AT Days 52-55
James River Trailhead to Brown Creek Shelter, 20.1 miles
Charlie dropped me and one other hiker off at the James River Trailhead just after 7 AM. I thanked him for the great night’s stay and headed back into the woods for my next stretch of trail to Waynesboro, 77 miles North.
The first mile was very flat before beginning the big climb for the day up to Little Rocky Row, ascending over 1,600 feet in roughly 2 miles. It was an overcast day, giving the woods a dark ominous feel, which I love. The rocky summit provides amazing views of the rugged peaks surrounding me. Apple Orchard Mountain and Highcock Knob were clearly visible along with the James River Footbridge down below.
The next few miles were completely flat before a gradual climb up Bluff Mountain, the final climb for the day, before descending down to Reservoir Road. The AT crosses a huge suspension bridge where it then makes its way through a large pine forest for 5 flat miles leading to Brown Creek Shelter. The last mile followed the bank of Brown Creek, and I was able to get a great spot for my tent close to the creek several hundred feet in front of the shelter. I was asleep early that night in preparation for the big day I had planned the following day.
My alarm woke me up at 4:00 AM as I wanted an early start for my first 30-mile day that I had planned. I broke down camp in record time, had a breakfast of three instant oatmeal packets with my coffee, and headed down the trail in the dark, guided by the light from my headlamp. I was fired up and ready to put my body, and my mind, to the test.
It was fitting to start off the big day with a big climb: over 2,600 feet of elevation gain in roughly 4 miles. I reached the top just as the sun was beginning to rise over the nearby mountain tops. The AT descends briefly before a quick climb to Cole Mountain; a grassy bald summit with a scenic 0.5-mile meadow walk following the peak, before going back into the forest where it would remain the rest of the day.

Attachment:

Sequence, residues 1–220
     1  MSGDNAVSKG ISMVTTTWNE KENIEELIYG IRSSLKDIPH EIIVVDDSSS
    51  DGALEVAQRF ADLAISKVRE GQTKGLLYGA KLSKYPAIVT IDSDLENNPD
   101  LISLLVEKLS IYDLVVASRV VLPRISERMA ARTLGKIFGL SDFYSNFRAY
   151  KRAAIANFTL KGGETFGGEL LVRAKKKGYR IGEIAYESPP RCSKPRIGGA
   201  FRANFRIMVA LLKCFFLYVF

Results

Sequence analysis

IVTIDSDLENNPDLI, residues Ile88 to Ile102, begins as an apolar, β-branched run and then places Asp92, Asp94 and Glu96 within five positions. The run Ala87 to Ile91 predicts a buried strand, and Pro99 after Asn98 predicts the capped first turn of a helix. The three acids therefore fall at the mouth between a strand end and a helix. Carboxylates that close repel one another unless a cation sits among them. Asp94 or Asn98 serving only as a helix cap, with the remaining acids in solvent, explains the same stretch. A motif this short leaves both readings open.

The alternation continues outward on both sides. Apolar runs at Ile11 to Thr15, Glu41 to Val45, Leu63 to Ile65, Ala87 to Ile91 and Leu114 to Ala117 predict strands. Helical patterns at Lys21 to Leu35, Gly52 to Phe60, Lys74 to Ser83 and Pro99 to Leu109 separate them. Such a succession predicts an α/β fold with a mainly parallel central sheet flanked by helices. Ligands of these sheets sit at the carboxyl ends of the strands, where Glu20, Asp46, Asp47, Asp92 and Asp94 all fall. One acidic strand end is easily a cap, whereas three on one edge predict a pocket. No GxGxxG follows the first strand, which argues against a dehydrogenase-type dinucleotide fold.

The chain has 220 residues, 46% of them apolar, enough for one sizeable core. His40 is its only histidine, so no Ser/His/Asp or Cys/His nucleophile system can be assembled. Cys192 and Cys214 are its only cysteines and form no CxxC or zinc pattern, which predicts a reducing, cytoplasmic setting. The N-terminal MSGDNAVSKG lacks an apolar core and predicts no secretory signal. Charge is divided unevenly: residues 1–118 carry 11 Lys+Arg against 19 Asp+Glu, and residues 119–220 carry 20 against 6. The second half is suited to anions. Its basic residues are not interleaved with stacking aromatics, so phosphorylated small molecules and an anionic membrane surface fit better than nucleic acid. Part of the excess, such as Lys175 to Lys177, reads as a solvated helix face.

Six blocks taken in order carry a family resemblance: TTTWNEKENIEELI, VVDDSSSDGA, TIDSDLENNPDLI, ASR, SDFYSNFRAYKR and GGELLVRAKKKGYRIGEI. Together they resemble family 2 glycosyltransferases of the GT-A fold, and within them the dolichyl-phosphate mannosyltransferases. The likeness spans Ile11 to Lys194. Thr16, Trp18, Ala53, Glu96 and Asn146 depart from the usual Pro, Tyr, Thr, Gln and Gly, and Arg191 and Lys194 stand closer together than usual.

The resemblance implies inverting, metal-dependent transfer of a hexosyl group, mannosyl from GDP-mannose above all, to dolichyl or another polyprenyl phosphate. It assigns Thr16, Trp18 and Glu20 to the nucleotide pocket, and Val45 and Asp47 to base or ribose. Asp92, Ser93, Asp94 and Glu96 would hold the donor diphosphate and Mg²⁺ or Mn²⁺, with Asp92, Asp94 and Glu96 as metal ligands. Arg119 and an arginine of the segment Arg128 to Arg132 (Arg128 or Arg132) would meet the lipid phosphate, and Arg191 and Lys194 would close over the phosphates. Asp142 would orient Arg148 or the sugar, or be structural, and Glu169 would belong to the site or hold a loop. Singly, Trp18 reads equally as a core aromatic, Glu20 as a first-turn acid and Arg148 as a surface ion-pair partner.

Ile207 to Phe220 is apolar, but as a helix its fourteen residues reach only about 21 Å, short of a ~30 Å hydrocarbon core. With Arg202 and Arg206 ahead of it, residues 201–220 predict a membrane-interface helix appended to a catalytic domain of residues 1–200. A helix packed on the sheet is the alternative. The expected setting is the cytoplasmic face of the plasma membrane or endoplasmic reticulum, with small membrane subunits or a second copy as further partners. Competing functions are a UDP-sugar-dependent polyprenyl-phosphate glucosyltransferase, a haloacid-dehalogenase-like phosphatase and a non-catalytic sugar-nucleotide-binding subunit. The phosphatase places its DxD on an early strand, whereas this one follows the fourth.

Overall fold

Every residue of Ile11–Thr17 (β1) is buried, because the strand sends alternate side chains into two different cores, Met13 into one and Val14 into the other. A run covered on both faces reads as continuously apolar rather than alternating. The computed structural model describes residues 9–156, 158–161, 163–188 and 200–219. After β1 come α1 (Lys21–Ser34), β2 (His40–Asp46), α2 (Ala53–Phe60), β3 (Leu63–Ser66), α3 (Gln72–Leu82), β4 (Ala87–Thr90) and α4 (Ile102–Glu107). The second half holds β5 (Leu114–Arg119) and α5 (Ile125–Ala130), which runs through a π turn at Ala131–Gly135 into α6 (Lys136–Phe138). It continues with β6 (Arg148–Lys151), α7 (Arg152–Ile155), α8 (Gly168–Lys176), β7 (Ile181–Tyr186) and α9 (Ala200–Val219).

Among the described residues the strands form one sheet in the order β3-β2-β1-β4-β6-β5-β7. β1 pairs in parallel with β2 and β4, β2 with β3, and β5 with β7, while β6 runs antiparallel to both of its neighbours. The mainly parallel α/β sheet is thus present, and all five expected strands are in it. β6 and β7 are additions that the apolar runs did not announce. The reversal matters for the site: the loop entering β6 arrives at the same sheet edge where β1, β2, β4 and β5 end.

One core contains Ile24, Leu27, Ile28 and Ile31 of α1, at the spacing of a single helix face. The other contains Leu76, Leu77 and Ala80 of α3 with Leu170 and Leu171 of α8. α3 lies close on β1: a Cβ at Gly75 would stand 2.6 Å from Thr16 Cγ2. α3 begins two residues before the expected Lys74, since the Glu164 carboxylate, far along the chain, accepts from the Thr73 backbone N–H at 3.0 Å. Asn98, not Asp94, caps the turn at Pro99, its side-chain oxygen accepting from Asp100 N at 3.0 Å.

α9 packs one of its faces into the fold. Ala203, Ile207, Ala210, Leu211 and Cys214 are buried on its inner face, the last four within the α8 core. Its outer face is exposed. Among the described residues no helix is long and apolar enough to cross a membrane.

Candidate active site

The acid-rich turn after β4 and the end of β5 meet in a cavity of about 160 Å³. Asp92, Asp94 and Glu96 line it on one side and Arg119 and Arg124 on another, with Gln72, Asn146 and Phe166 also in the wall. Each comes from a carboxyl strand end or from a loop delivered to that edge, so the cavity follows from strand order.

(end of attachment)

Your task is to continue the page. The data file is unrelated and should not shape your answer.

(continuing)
I was now in the George Washington National Forest – and this section of forest was some of the nicest forest I’ve hiked in on the entire trail. The entire ground was covered in greenery with yellow dandelions scattered throughout. The trail was very mellow today with mostly flat, smooth terrain making for quick miles. When the trail did climb, it was very short, gentle climbs and descents down to various gaps. The trail remains like this for about 14 miles before a steep climb up to Spy Rock, the perfect spot for a lunch break 18 miles into my effort.
The intensity of the trail turned up a notch from Spy Rock. The trail became much rockier with steeper bursts of incline. A tough one-mile climb up to The Priest offers stunning views before a looong, rocky 4.5-mile descent down to Tye River. 27.5 miles in for the day, I wasn’t quite done yet. Crossing the river on a large suspension bridge, The AT begins its long ascent up Three Ridges Mountain, and I gained roughly 1,000 feet of elevation in 2.5 miles to reach Harper’s Creek Shelter, capping off my big day. I was thrilled to have hiked my first 30 miler, as I love pushing myself to see what I’m capable of in an attempt to find my limits.